as the catalyst under the same reaction conditions afforded a
mixture of regioisomers (2 m and 2 m’) in low yield with poor
2011 Wiley-VCH Verlag GmbH & Co. KGaA, Weinheim
www.angewandte.de
545
Zuschriften
regioselectivity (Table 3, entry 2). Thus, [Cl2IPrCuF] was
synthesized[9] in a similar way to [IPrCuF][10] using the
known NHC ligand Cl2IPr.[11] The reaction of 1 m in the
presence of [Cl2IPrCuF] (2.5 mol %) in n-hexane as a
solvent afforded 2 m and 2 m’ in much higher yield (88 %)
even at 70 8C with moderate regioselectivity (Table 3,
entry 3). The regioselectivity was considerably improved
by replacing the methyl group of 1 m with a butyl group
(1 n) or secondary alkyl groups (1 o). In these cases, the
major regioisomers (2 n and 2 o) were readily isolated in
analytically pure form by column chromatography on silica
gel. Gratifyingly, alkynes with cyclohexyl (1 p) and tertbutyl groups (1 q–s) afforded single regioisomers in good to
high yields (Table 3, entries 6–9). Here, bromo (Table 3,
entry 8) and alkoxycarbonyl (entry 9) functionalities on the Scheme 3. Stoichiometric reactions relevant to the catalysis.
phenyl ring were tolerated in the reaction. In the present
reaction, simple internal aliphatic alkynes such as 5-decyne
were much less reactive (conv. < 5 %) and did not give the
es S5 and S6 in the Supporting Information). Finally, C’
corresponding carboxylic acid under the present reaction
reacted with an excess (4 equiv) of HSi(OEt)3 at room
conditions. However, it was found that 1-methoxy-2-decyne
temperature and the copper hydride complex A’ was afforded
(1 t) gave a product in good yield with high regioselectivity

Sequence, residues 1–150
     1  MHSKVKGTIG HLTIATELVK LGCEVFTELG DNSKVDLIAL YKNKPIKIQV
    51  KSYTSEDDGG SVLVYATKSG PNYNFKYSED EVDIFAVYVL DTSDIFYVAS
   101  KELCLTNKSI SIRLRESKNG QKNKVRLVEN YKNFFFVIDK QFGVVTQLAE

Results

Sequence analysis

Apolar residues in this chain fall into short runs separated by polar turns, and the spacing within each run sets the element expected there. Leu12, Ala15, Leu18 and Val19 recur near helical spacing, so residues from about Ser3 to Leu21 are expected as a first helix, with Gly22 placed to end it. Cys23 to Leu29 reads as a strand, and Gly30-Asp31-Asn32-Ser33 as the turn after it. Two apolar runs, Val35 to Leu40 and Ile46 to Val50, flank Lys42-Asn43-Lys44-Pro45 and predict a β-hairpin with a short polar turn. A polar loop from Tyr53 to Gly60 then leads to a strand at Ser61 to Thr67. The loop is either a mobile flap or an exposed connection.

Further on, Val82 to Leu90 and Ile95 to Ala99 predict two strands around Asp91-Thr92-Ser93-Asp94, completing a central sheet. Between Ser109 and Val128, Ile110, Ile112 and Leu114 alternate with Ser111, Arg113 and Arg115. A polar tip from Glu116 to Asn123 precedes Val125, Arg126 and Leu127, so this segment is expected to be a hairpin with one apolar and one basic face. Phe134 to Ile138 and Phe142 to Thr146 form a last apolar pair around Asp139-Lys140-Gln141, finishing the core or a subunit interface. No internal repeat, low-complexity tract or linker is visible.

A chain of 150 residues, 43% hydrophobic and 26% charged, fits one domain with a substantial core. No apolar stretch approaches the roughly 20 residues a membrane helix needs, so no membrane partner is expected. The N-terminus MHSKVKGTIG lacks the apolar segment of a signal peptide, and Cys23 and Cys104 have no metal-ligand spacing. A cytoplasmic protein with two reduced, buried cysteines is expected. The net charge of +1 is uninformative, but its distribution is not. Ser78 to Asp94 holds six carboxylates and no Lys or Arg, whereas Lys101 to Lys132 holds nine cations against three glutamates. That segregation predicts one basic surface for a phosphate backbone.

cleanly. The isolated B’ and C’ were active catalysts, affording
(Table 3, entry 10). A similar effect was evident for the b2 q in 80 % and 74 % yields, respectively, under the same
methoxy (1 u and 1 v) and benzyloxy groups (1 w; Table 3,
reaction condition as those used in entry 7, Table 3.
entries 11–13), suggesting that coordination of the ether
On the basis of the stoichiometric reactions shown in
moieties to a copper center would be important in the
Scheme 3, a possible catalytic cycle is shown in Scheme 4. A
reaction. 1,4-Dimethoxy-2-butyne (1 x) and 2,5-dimethoxy-3copper(I) hydride species (A)[13] is generated in situ from
hexyne (1 y) bearing the two b-ether functionalities also
[LCuF] (L = IMes, IPr, or Cl2IPr) and a hydrosilane by the aid
afforded the corresponding products (2 x and 2 y, respectively)
of the strong silicon–fluorine interaction[10] (step a). Syn
in good yields (Table 3, entries 14 and 15). As for terminal
addition of A to an alkyne (1) initiates the catalytic cycle and
alkynes, phenylacetylene (1 z) afforded cinnamic acid (2 z) in
affords a copper alkenyl intermediate (B) stereoselectively